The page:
Woody Allen said, "Life [is] full of loneliness and misery and suffering and unhappiness, and it's all over much too quickly."

It's the birthday of American detective novelist Rex Stout, (books by this author) born in Noblesville, Indiana (1886), who was a hack magazine journalist for a while and then developed a popular savings-account scheme for schools that made him a great deal of money. So he retired to Paris and at the age of 46, he wrote his first detective novel featuring Nero Wolfe, who solves crimes even though he weighs more than 300 pounds, collects orchids, and never leaves his house. The first Nero Wolfe novel was called Fer-de-Lance, and it was published in The Saturday Evening Post in 1934. It was a huge success, and Stout went on to write another Wolfe novel almost every year for the rest of his life.

On this day in 1955, Rosa Parks broke the law by refusing to give up her seat to a white man on a city bus in Montgomery, Alabama, resulting in her arrest. At the time, she said that she was just too tired to stand that day, but she later admitted that she'd challenged the law on purpose, because she thought it was wrong. Her protest worked, sparking a yearlong boycott of the buses by blacks in Montgomery that helped lead to the end of segregation.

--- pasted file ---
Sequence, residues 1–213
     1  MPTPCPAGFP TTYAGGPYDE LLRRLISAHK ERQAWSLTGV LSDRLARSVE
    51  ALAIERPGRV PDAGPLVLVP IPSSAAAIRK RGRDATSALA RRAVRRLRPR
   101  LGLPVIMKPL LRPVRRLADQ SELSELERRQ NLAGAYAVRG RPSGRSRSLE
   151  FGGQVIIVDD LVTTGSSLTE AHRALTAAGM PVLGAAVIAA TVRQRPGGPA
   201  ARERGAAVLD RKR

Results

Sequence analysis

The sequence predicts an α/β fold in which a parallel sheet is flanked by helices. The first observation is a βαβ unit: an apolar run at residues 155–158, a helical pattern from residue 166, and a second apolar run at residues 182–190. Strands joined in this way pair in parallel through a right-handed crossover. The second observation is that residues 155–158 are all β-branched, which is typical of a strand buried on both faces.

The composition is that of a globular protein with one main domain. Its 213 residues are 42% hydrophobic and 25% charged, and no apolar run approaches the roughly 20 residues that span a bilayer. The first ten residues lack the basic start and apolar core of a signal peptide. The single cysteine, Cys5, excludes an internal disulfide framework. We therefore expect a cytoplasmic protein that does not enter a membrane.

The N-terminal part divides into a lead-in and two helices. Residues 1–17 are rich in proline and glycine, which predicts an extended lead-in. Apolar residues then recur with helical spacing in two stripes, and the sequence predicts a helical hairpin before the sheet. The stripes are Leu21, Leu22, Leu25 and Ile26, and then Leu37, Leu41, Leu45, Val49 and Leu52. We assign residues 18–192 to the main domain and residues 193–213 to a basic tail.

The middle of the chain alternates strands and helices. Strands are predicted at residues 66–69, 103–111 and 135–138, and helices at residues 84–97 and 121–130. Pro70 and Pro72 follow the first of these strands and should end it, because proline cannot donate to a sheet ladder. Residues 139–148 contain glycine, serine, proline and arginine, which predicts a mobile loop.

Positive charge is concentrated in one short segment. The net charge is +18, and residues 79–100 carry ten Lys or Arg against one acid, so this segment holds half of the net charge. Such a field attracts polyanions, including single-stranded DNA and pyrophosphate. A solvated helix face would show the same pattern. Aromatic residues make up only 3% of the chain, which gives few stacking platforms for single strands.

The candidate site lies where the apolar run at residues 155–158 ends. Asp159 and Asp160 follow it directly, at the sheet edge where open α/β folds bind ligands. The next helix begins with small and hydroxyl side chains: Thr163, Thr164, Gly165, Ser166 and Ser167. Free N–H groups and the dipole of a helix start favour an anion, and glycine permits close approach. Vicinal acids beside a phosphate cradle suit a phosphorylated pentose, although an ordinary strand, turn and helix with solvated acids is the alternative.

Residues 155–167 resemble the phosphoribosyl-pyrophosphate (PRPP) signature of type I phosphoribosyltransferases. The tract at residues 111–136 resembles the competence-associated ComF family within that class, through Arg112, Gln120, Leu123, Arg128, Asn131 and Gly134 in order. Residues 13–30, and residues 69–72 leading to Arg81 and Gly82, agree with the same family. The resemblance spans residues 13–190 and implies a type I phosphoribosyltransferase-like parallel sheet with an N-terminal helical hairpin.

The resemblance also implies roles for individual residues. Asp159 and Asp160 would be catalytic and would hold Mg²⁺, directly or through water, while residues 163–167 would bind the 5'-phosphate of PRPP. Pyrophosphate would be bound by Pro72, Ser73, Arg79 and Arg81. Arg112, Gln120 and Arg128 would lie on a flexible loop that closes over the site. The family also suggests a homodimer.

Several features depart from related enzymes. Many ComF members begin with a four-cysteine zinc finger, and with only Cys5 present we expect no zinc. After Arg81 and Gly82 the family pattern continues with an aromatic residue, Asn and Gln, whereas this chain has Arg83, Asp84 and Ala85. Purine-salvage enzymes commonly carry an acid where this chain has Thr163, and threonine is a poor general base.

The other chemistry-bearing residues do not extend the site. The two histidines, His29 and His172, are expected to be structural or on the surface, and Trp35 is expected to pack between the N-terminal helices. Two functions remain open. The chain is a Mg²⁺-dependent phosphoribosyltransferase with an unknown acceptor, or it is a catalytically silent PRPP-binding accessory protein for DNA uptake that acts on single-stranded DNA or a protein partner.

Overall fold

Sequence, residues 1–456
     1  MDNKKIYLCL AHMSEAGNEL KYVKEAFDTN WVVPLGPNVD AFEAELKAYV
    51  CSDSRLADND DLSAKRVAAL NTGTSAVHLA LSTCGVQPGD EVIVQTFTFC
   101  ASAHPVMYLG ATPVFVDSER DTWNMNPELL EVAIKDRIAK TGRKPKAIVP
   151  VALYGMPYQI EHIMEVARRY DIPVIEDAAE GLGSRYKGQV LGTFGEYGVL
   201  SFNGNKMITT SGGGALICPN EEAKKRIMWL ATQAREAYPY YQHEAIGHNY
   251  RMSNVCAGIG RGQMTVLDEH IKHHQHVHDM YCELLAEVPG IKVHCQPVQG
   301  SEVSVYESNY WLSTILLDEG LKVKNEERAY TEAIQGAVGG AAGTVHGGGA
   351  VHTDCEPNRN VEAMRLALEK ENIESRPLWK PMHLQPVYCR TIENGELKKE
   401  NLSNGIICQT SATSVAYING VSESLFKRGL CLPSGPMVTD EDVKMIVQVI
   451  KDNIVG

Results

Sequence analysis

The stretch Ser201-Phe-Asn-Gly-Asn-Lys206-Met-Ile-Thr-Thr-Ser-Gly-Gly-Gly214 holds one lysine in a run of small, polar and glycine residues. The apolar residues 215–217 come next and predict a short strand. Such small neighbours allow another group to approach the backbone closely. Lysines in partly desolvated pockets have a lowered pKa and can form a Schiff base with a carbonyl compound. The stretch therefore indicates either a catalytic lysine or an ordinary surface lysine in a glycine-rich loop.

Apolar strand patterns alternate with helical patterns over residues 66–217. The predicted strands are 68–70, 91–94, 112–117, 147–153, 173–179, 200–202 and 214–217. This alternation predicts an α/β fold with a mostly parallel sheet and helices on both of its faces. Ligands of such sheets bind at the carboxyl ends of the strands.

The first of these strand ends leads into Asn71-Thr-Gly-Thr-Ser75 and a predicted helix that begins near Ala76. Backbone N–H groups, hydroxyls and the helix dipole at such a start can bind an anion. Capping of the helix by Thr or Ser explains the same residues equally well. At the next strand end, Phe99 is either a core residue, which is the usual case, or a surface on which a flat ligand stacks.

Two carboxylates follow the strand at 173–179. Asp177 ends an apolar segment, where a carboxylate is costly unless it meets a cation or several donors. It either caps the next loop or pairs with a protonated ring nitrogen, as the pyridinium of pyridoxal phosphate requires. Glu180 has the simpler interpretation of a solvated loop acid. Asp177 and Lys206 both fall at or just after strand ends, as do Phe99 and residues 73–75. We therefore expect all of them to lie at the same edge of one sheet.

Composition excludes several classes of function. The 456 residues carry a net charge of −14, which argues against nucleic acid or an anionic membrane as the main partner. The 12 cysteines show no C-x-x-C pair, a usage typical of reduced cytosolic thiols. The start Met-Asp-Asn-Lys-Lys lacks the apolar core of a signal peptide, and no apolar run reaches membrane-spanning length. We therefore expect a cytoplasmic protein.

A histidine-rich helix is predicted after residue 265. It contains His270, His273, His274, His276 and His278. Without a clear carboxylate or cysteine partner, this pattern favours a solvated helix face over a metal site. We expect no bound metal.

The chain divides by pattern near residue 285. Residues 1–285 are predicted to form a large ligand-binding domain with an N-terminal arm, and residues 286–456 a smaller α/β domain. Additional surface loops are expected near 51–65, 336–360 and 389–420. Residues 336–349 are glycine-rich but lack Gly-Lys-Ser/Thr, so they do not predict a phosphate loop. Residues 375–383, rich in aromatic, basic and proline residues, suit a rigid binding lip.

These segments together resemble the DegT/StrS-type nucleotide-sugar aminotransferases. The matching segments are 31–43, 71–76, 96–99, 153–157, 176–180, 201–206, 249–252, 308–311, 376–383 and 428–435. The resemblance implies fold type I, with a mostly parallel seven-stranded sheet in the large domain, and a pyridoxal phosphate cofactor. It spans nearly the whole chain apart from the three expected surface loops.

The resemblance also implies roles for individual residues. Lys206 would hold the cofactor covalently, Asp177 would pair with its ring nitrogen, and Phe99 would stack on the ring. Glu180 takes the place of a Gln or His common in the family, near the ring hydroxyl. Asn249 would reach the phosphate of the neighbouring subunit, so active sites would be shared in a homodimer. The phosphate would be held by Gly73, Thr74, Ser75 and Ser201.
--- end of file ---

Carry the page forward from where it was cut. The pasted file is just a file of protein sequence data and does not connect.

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Poem: "Eating A Mango Over The Kitchen Sink" by Phebe Hanson, from Why Still Dance. © Nodin Press, 2003. Reprinted with permission.(buy now)

It's the only way to do it, even though Melody, my Weight Watchers
lecturer, has admonished us against the over-the-sink method of eating:
"Use your best china and silver, sit down, light candles, eat slowly."

But a mango is a different story, impossible to eat except leaning
over the sink, tropical juice dripping down my pale Minnesota